“The elders who are among you I exhort, I who am a fellow elder and a witness of the sufferings of Christ, and also a partaker of the glory that will be revealed: Shepherd the flock of God which is among you, serving as overseers, not by compulsion but willingly, not for dishonest gain but eagerly; nor as being lords over those entrusted to you, but being examples to the flock; and when the Chief Shepherd appears, you will receive the crown of glory that does not fade away.” [1 Peter 5: 1-4 NKVJ]

In that passage I see humility. I see forgiveness. I see a version of a man who’s learned a new kind of denial—he denied hospitality to the legions of lies he told himself.

He continues, encouraging the struggling believers to

 “…humble [yourselves] under the mighty hand of God, that He may exalt you in due time, casting all your care upon Him, for He cares for you.” [1 Peter 5:5-7 NKJV]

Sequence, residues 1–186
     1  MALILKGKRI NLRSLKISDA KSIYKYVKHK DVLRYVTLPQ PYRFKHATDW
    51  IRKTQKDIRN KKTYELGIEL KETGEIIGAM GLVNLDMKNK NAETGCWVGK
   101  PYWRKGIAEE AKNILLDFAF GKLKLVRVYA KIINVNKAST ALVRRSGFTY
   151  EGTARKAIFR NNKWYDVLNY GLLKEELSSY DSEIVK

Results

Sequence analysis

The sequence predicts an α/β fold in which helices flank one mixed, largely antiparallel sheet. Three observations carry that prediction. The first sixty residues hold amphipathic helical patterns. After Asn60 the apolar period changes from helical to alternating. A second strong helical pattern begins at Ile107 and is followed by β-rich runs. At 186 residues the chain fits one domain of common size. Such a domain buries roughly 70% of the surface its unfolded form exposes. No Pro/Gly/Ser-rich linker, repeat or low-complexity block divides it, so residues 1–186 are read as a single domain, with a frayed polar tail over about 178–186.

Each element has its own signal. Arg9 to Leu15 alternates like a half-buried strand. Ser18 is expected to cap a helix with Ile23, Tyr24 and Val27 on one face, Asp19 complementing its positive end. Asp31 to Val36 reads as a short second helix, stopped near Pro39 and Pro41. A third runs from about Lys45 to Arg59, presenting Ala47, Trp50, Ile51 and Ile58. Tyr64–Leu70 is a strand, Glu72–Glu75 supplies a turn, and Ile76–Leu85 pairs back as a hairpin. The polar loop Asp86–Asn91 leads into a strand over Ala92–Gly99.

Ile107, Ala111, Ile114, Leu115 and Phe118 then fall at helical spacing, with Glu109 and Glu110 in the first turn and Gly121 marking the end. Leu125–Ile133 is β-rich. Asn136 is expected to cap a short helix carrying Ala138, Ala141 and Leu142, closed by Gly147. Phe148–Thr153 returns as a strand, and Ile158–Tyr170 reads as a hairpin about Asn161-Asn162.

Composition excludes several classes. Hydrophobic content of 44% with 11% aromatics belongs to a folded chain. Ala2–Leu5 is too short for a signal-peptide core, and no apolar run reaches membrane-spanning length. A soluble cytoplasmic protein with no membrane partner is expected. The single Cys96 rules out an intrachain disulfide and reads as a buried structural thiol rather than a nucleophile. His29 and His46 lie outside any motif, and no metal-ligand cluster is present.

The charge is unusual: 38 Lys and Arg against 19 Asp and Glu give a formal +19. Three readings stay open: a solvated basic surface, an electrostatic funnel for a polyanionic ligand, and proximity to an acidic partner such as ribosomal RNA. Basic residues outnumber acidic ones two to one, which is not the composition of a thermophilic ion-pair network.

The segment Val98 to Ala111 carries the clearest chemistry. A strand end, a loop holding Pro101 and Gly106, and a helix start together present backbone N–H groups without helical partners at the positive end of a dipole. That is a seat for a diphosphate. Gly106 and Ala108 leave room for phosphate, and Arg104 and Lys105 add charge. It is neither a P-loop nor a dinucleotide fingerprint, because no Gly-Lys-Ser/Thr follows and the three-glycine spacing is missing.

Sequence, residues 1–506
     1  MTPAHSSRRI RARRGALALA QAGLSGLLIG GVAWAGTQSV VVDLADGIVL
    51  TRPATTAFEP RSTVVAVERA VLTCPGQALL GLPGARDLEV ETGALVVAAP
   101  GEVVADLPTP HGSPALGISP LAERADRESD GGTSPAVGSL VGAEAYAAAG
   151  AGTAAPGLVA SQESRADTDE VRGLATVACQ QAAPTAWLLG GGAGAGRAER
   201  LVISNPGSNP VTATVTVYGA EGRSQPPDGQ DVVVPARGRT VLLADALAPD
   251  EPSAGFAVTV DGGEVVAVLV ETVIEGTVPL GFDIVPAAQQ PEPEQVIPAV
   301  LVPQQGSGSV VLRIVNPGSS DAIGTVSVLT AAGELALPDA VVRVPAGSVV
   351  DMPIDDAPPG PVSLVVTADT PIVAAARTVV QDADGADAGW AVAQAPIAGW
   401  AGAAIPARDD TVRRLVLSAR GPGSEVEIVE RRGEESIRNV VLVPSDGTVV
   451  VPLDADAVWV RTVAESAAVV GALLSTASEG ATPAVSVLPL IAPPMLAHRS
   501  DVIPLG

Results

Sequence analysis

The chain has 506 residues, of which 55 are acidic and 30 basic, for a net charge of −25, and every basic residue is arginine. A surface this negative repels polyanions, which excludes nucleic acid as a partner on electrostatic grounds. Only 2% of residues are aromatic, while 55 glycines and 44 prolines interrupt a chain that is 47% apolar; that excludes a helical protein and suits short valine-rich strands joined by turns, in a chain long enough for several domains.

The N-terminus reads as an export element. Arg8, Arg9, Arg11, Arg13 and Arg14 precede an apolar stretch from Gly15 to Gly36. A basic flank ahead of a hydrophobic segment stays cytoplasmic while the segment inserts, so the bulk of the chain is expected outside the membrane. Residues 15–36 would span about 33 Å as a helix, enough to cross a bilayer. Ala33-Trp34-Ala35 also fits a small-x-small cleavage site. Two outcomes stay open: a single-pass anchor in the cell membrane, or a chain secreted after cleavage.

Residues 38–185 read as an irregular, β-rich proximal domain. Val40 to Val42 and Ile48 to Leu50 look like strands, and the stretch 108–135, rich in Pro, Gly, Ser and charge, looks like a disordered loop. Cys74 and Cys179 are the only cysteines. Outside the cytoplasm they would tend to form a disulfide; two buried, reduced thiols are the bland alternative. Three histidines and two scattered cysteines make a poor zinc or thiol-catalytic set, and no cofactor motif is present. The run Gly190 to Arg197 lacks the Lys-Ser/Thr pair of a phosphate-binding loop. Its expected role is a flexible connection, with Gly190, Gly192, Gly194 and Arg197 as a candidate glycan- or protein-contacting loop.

Peter’s personal encounter with the eyes of Grace many years earlier gave him a special kind of authority to reassure his fellow believers that their Messiah cared for them. 

Peter’s death was by crucifixion. He is said to have been crucified upside down because he felt unworthy of crucifixion in the same manner as his Messiah was killed. Was that an old shadow of shame lurking? Was it the great Deceiver, prowling around Peter’s soul “like a roaring lion, seeking whom he might devour?” [1 Peter 5:8 NKJV] Or was Peter’s request to his executioners born out of an overflow of love for his God, knowing better than most, the grace he had been given? Either way, I understand better now how this request fits into the gospel of Christ.

Peter ends this section of his letter with this:

“But may the God of all grace, who called us to His eternal glory by Christ Jesus, after you have suffered a while, perfect, establish, strengthen, and settle you. To Him be the glory and the dominion forever and ever. Amen.” [1 Peter 5:10-11 NKJV]

Peter told himself the story of shame—of unworthiness—perhaps he, too, identified with a poor piece of trash or the scatterings of refuse on the streets left by the Roman horses.